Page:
Carolyn Olsen Oral History
Olsen, Carolyn (Interviewee)
McSwegan, Melissa (Author)
Carolyn Olsen, wife of Operations Officer Dennis Olsen, discusses life in India and in Liberia, during the Smallpox Eradication Program.
Olsen, Carolyn (Interviewee), “Carolyn Olsen Oral History,” The Global Health Chronicles, accessed March 27, 2017, http://globalhealthchronicles.org/items/show/3531.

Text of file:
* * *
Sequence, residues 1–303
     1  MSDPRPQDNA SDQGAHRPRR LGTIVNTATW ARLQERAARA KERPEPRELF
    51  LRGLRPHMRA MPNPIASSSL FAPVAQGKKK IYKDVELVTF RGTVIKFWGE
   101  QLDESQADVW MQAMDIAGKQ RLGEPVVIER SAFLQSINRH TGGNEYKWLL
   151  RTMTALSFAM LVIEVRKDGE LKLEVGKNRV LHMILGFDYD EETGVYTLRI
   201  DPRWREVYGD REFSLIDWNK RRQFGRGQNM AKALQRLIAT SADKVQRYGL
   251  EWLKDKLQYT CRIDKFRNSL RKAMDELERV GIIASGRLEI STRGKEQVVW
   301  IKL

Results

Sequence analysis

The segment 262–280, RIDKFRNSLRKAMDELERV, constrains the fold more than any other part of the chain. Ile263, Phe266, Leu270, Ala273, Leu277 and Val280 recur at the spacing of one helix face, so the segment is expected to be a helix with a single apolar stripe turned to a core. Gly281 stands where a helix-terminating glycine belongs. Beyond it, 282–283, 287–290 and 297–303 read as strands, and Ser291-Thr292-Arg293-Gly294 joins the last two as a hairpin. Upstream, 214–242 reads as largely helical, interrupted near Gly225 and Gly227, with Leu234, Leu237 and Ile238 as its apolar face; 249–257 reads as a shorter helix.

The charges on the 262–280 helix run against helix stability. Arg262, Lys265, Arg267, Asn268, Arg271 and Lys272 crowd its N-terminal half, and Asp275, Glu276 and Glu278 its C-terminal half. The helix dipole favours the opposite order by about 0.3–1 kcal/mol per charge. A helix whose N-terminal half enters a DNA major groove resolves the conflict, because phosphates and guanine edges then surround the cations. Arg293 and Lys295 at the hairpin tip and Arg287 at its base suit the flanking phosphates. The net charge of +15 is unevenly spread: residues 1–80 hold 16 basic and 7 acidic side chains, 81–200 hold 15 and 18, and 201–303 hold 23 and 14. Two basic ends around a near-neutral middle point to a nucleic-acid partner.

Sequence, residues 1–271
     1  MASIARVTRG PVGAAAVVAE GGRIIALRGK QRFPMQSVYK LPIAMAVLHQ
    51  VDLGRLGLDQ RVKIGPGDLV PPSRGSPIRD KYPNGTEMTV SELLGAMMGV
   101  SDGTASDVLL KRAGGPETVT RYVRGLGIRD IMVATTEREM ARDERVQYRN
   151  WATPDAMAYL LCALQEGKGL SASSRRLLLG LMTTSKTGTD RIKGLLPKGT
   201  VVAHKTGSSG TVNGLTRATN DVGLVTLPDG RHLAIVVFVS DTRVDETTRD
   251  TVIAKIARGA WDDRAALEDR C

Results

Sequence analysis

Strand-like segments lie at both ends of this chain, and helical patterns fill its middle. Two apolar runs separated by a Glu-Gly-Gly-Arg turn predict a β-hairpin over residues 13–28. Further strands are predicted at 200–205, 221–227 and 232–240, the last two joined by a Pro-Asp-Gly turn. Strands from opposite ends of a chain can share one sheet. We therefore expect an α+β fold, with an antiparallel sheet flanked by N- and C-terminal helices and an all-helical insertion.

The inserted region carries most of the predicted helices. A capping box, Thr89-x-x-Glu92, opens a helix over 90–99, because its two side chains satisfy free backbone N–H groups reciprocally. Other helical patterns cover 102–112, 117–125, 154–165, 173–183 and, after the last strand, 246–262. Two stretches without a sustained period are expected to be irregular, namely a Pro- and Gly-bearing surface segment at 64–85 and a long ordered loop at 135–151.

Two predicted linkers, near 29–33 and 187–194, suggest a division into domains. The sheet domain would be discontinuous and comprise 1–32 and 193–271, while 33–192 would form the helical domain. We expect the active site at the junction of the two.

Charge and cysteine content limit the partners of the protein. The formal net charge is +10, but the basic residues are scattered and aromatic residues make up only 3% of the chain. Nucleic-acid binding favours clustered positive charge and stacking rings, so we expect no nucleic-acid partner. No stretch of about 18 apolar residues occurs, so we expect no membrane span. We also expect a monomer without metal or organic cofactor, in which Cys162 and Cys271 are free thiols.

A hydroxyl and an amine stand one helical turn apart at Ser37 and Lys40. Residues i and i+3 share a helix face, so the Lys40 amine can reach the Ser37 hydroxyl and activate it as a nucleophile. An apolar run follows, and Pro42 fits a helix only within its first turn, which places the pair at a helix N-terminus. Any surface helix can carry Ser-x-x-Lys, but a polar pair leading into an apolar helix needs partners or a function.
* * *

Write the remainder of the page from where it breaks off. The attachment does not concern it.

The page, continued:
Interview Transcript INTERVIEW Audio File: Carolyn Olsen Audio File Transcribed: January 22, 2009 Interviewer: This is an interview with Carolyn Olsen on July 11th two thousand and eight at the Centers for Disease Control and Prevention in Atlanta, Georgia about her role in the smallpox eradication campaign. The interviewer is Melissa McSwegan. With this interview we are hoping to capture for future generations the memories of participants and their families involved in eradicating smallpox. This is an incredibly important and historic achievement and we want to hear about your experience. I have some questions to guide you but please feel free to recount any special stories or anecdotes that you remember about events or people. The legal agreement you signed says that you are donating you're donating your oral history to the U.S. Federal government and it will be in the public domain. For the record could you please state your full name and that you know you are being recorded. Interviewee: My name is Carolyn Hardy Olsen and I know I am being recorded. Interviewer: Okay, great. Thank you. Okay, so would you please briefly describe your childhood and you education and so on and what led you into work or participating in public health campaigns? Interviewee: I grew up in Wyoming and after doing all my schooling in Cheyenne Wyoming I went to the University of Wyoming where I graduated as civil engineer. And so I was working in Los Angeles when I met Dennis and shortly after we were married. We went to Africa and we enjoyed our three years in Liberia then we came back and again I worked as an engineer. And we were in Springfield Illinois when he went to (Bagapur) for three months and during that time I was working for the environmental protection agency and also getting my masters degree in environmental engineering. So, when he went to India I said I can't go right now I have to finish my masters degree. So, he sold the house out from under me and so I house sat that summer while I finished my degree but he knew I was coming to India cause I didn't have any place to live. And so I finished my masters degree and then I arrived in India and he met me in Delhi and it was pretty bad. And so after two days he put me on a train and we went off to Lucknow and he said, "I didn't decorate the apartment because I thought you could do it. And I sat there and all the wire was on the outside, the refrigerator was in the living room. It was really basic and I thought, "Oh my goodness." And so he said, "I've got to work now," and when he came back he said, "I've got to go the field tomorrow," and he wanted to go so we went off for a ten day field trip and when you go on a field trip you stay in very interesting places. Probably the best items that we took to India were our sleeping bags cause we were staying - they call them dock bungalows and they were usually about fifteen cents for a place to stay and breakfast and it wasn't worth it. Interviewer: Oh, right. Interviewee: They were really very basic and if we had water we would - if we had hot water we were very lucky but usually we had water. Then when we came back from that first trip Lucknow looked great then about a couple weeks later I used to have to fly or take the train into Delhi to get supplies. And like Dennis said it was like going to Europe. I mean Delhi looked first class after being in the field. Interviewer: Your perspective changed quite a bit during that time. Interviewee: Yes. Interviewer: How did you - you mentioned that you went on a - on field visits with your husband when he was working with the smallpox campaign. Did you play any particular role during these trips? Interviewee: Well, many of the villages were very rural and so I would usually walk along and because many times by having a woman with him the women were more comfortable but also I found that it's very interesting. Sometimes they have [inaudible 04.23] these different things in the village. I'll tell you one of the most interesting days though, in India women always have their legs covered and usually their arms. So I used to wear Levis and a kurta and I had very long blonde hair at that time and often wore it in a pigtail or pulled back. And on one occasion we came to this village way out in the middle of nowhere and I was reading a book that was really interesting so I said I'm not going into the village, I'll just stay here in the jeep. And so all the children come and they looked at me then they all ran away. And then all the ladies came and they got in a nice little line and usually people will go 'Namaste' but if you're very important it's 'Namaskar'. And the ladies were all giving me the 'Namaskar' and then they would chat away in Hindi. Well, the driver was just howling. I mean he was over by the - just holding his sides. The children had told the women that Indira Gandhi had come to the village so they were all telling me - and all the men were in the field because they were farmers and so probably in some village in India there is the [inaudible 05.41] of the day Indira Gandhi came to visit. But in general we would always go to the different health units and many times the Indian doctor was somebody who was either trained in Delhi or Bombay, now called Mumbai, and they were so glad to see somebody who spoke English. I mean they would get out their wedding pictures. These poor young ladies had arranged marriages and now they're in a village and they were used to living in a big city and so often times we had dinner with them. I mean it was a very - they were very hospitable and we just had a very interesting time in our field visits. Again we would go to many different health units during a day tracking down things and making sure their records were right. The sanitary facilities, again being an environmental engineer were not always that great and so you always had to watch your intake during the day. And so everybody wanted to give you tea and I didn't know at first how to say no and then I found out that, again it was Rujinder Singh our - Dennis' PMA who told me, "Tell them you're fasting." So I would say, "Oh thank you but I'm fasting today," and they would say, "Why?" And I say, "Oh I'm fasting for the health of my husband and the success of the smallpox program," and they would think I was just this wonderful person and then two health units further I would have a cup of tea again. But again you were in an environment that was very different than what most people especially during the hot months it was like a hundred and twenty degrees and you couldn't roll down the windows in the jeep because the wind coming through. And one day our driver took a shortcut so we got lost and we ended up stopping in a village where they went in, took the straw out and got us a piece of ice out of the ground which we put in a bucket and bought about twenty four Coca Cola. And we would get towels wet, put them on our head and it was just a interesting day, I mean very trying on us. Interviewer: And did you have the opportunity to apply your engineering and engineering training while you were living there? Interviewee: Not really. Again sometime there would be water questions and - but it really didn't lend itself to get involved. I was able to do that more when I was in Liberia. I taught sanitation workers how to do mapping and different things but again we were - actually we were moving quite a bit when we were in India. Interviewer: Describe a bit your relationship with the host country counterparts or the people you were interacting with on a day to day basis. How did that work? Interviewee: Being a woman in India is different. Our living arrangement was quite nice in that we lived upstairs in what they called (vasadi) of the Dases. And Mrs. Das was actually the president of the girls school next door, Isabel Thornbird College which is a prestigious college for Lucknow. And Mr. Das had been the police chief for the whole state and so we were included in that part. So there I felt very comfortable being a woman but when we were in the field it was - or when you were alone you always felt like, especially young boys between like fifteen and twenty three, they were very aggressive and so you would always like to make sure that you were - and as a result the PMA and the driver and everybody were always very protective of me. And being a professional person I was not used to having to have to kind of being protected. And then later on when we moved to Delhi it was a matter of having the taxi driver watch you while you went into the market. And it wasn't that you felt security, I mean it was just that they wanted to touch your hair or something. One time - oh, I had - I was having a strange pain and my fingers were starting to go numb and so I went to a doctor in Delhi and they said that I have Hobo's Disease. It was my arm from riding in the jeep I would have my arm up and it was pinching a nerve. And he says, "I think we should X-ray you." So I went in and the doctor came in and he started laughing because the paramedic had put my hair, my blonde hair so it was like a halo while I was laying there. But in general you just go with the flow of things. It was quite interesting. Interviewer: What were some of the biggest challenges to living in India? Interviewee: Food actually was kind of a challenge. We were - when we were in the field we were usually vegetarians because you didn't know the last time somebody who may have come through and eaten meat so you didn't know how old the meat that was in the restaurant. And we ate at the truck stops along the way and so we would always have to ask them to put the samosas back in or put new samosas into the hot oil so everything we ate was hot. The embassy doctor used to just be amazed because we would not get ill but we didn't eat fresh vegetables unless we were home and they were peeled even if we went to a very nice hotel or a nice buffet and we had a lot of soup and a lot of things but also we had a cook. He had a reputation. He had worked for Dr. Francis and Dr. McGinnis and everybody knew that Iddu was just a wonderful cook and so Iddu was an old man, I mean now he is probably forty but he seemed like an old man to us at that time. And he became ill and they gave him streptomycin which caused inner ear damage and so he was having a hard time walking and so then I would pay for a rickshaw to bring him right up to the door and then I had him bring his daughter who had had smallpox so it was really quite appropriate. She was blind in one eye and had pox - to help him so that he could his work. And one day - she would marketing, he would do the cooking most of the time. One day I am cooking, he is sitting there with his feet up, she is outside drinking tea and I'm thinking, "And I have servants," you know. But during that same period of time Iddu got more sick and so about every six weeks or so we would have this regional meeting and all of the epidemiologists would come in and the international epidemiologists would come for lunch and then the Indian and the international ones would all come for dinner which would be about a hundred people. So, we would have usually about twelve to fifteen for lunch and I had Sabra who would help but Iddu was gone so it was up to me. So I thought, "Well what," - so for lunch we had peanut butter and jelly sandwiches and Kool-Aid for the international group and then for the other people I did manage to find some things that were almost ready made, you add two vegetables and you became, you know. And I thought okay this is adequate. Well, the next month as we're going around to the different epidemiologists to see how things were going and everything, all the international ones says, "Boy I hope you have the same lunch next time we're here. That was the best thing. I go to bed at night dreaming of that peanut butter and jelly sandwich." And then the Indian doctors, and Indian doctors actually had a harder time finding food because their wives had taken care of their food in their houses and rarely did they eat out. And in India you have to sort your rice and you know all those different things. Well, a couple of them asked for my recipe for the different curries I had made that night and I didn't have the heart to tell them that I had gone to the store and bought a box of something that I put in it. So I kept on like don't, [inaudible 15.21] the recipe you know, but I had an enjoyable time. It was a challenge and you never quite knew what the day was going to bring. Interviewer: Were you able at some point to decorate your apartment? You had mentioned your apartment had all the wires on the outside and did it eventually become more... Interviewee: Well, it actually started looking pretty good. Interviewer: Okay. Interviewee: I mean, we had fluorescent lights and definitely - but during - well, electricity was not always available and so sometimes you would have company or somebody and all of a sudden all the power would go out. And before the game Trivia Pursuit, we used to play a game that you would give the person the almanac and the flashlight and they would ask the other people questions. So that was our entertainment on that but when we were in the field sometimes if you didn't have power we would go to the movie because the Hindi movies are four hours long, they usually have fans or if they are upscale they have air conditioning and they have their own generators. So we used to go to a lot of Hindi movies when we were traveling and it was - like I said the heat was a challenge when you have a hundred and twenty degrees. Then the cold was a challenge because you had fifteen foot ceilings and no heat and so if you invited people over for dinner you would put the heater under the table and everybody would sit there in their coats and you would usually have soup or something hot. But other than that I mean it was probably the most grueling experience I have. I mean if you look at going to school, going to college, going to India is just straight up. I mean it's like they say you see the poorest, you see the richest. You are the hottest, you are the coldest. Everything is a dichotomy and the people there were just absolutely very hospitable and very, very nice. They were you know again I would say kind of shy but some of the doctors that we met especially the Indian doctors that were in charge of different areas were very, very nice. And this apartment that we had since they would come to visit us, they would see what we lived in so then they felt like they could invite us to their home so whenever we went to Delhi we would be invited to some of the doctors' houses. And probably one of the best invitations we ever had was Dr. Hakoli. While we were there they had the Kumbh Mela in Allahabad which happens I think every fifteen years and it's on the river banks of the River Ganges. And on a busy day there's about probably ten to fifteen million people come and we were invited to come and stay in one of the tents for a minor bathing day so there was only about five million people there. And so the Jumna, the Sangam and the Ganges all meet there and everybody goes to bathe and they have - they pray to the Sadhus. And the first night we arrived there was this chanting so I asked Mrs. Hakoli, I said, "Do they pray all night?" cause it sounds like the Hare Krishna chant. And she said, "Pray?" And I said yes and she said, "Oh! No they're listing hundreds of women who were lost today." And it was a tradition that when you went back to your village you stopped at lost and found to see if anybody from your village had come and gotten lost to take them back. And you would see these ladies with their saris tied together and some young son taking all their aunties to this festival. So it was very, very interesting. Interviewer: What were some of the biggest differences between India in Liberia in comparing your two experiences? Interviewee: Well, I worked in Liberia so I was working as a school teacher there and teaching math and in India I felt like my role was more to support my husband and then there were a lot of social functions like when the international group came again we hosted at our house. When we lived in Delhi and probably - well the type of people we met in India were very different even from the international side cause the Soviet Union was also - had provided quite a few epidemiologists and doctors for the program. And so we not only had Russians but we also had people from Chezkslovakia and a lot of Eastern European countries. And it was an education in social morays and also in how different countries looked at the Soviet Union and how when they socialized and when we socialized it was very different. Cause like if we were to go to a party it was put on by Dr. Codokevich or something as opposed to when we had a party we would look around and find out who else had a servant who would be the bartender and somebody else. So we had all Indian staff working the party. When we went to a Soviet party it was people from the embassy. I mean there were all kinds of ladies and other people that were Russian that were - you weren't uncomfortable but you knew it was very, very different. Interviewer: How did your time abroad particularly in India and Liberia with the smallpox program, how did that affect your career and your life afterwards? Interviewee: Well, on a I guess - India is such - I mean it's just there's so much energy and so much to do and so much to see that I just suddenly felt like I either had to write a book or do something and instead I started painting and in about six months I painted sixty some pictures all Indian. And in India you can do anything so I had a one woman show and sold my paintings and it was really, it was quite interesting. And one of the highlights was that Dr. Sensor actually purchased the first painting I ever painted which was of a train station and gave it to Dr. Fergie. And so my claim to fame was that one of my paintings was in the Carter Center for a while but on a professional side it really brought home the need for clean water. And my profession as it moved forward I was commissioner of water and pollution control for the city of Atlanta and I was very involved in a lot of water and waste water activities. I also then became the president of a non profit which is called Water for People and it gives you a real empathy for how important clean water and drinking water is because when we were in the field in order to have clean water we used to carry - the old milk buckets there are kind of made of aluminum and about this tall. And each night we would fill our jug up with water, put the immersion heater in, boil our water and put it in a - so we never had cold water but we had clean water. And with all the disease and the different things you just realize that water is probably one of the most important parts of our existence. Interviewer: Well, do you have any other stories or anecdotes that you would like to share with us? Any memorable moments from your time there? Interviewee: Oh, I must say that one of the - when we moved to Delhi I didn't get to go in the field anymore so I became a professional traveler and as a result anybody going anywhere I would go. And I was able to go up to an area close to the Nepali border which was called Tiger Haven where they would bring tiger - small tigers back from London and get them back into the wild. And they would put you up in a cage and let you watch the animals which was very interesting. Another time I went with some missionaries and we took a train ride on a no class train and it was a twenty four hour ride down to New Bombay and I was with some Swedish people and it was very, very interesting cause we used to travel by train but we used to travel at least first class something which wasn't that great. But this was - I think it cost me ten dollars to take a twenty four hour trip one return. And on one train we were in a car and the rest was freight and all of a sudden there was a band and it came through playing and it then got off the train. We come to find out they were on top and that's where - also that's where they would make tea and they would lean down over and sell you tea into the compartment but they riding up on top. And the last trip that I took that was very interesting was some people from the embassy were going to go from Delhi to Kabul, Afghanistan. So we went through Pakistan and through the Khyber Pass and into Afghanistan. And that was all in the seventies so that was before the Russians came and I just feel very sad when I see what has happened to Afghanistan. I don't know if you've read it or not but Kite Runner when it described at the beginning is the kind of Afghanistan that I had seen and I also had empathy for Afghanistan cause when I went to University of Wyoming, University of Afghanistan, University of Wyoming were sister colleges so I had met Afghans then also. But other than being a world traveler I think that was pretty much a very positive experience and again I'm sure it changed my life. I mean it just gave me a whole different way of looking at the world and from a South East Asian standpoint but also with all the different cultures that we met through the program. Interviewer: Well, thank you for sharing your story. Interviewee: Okay.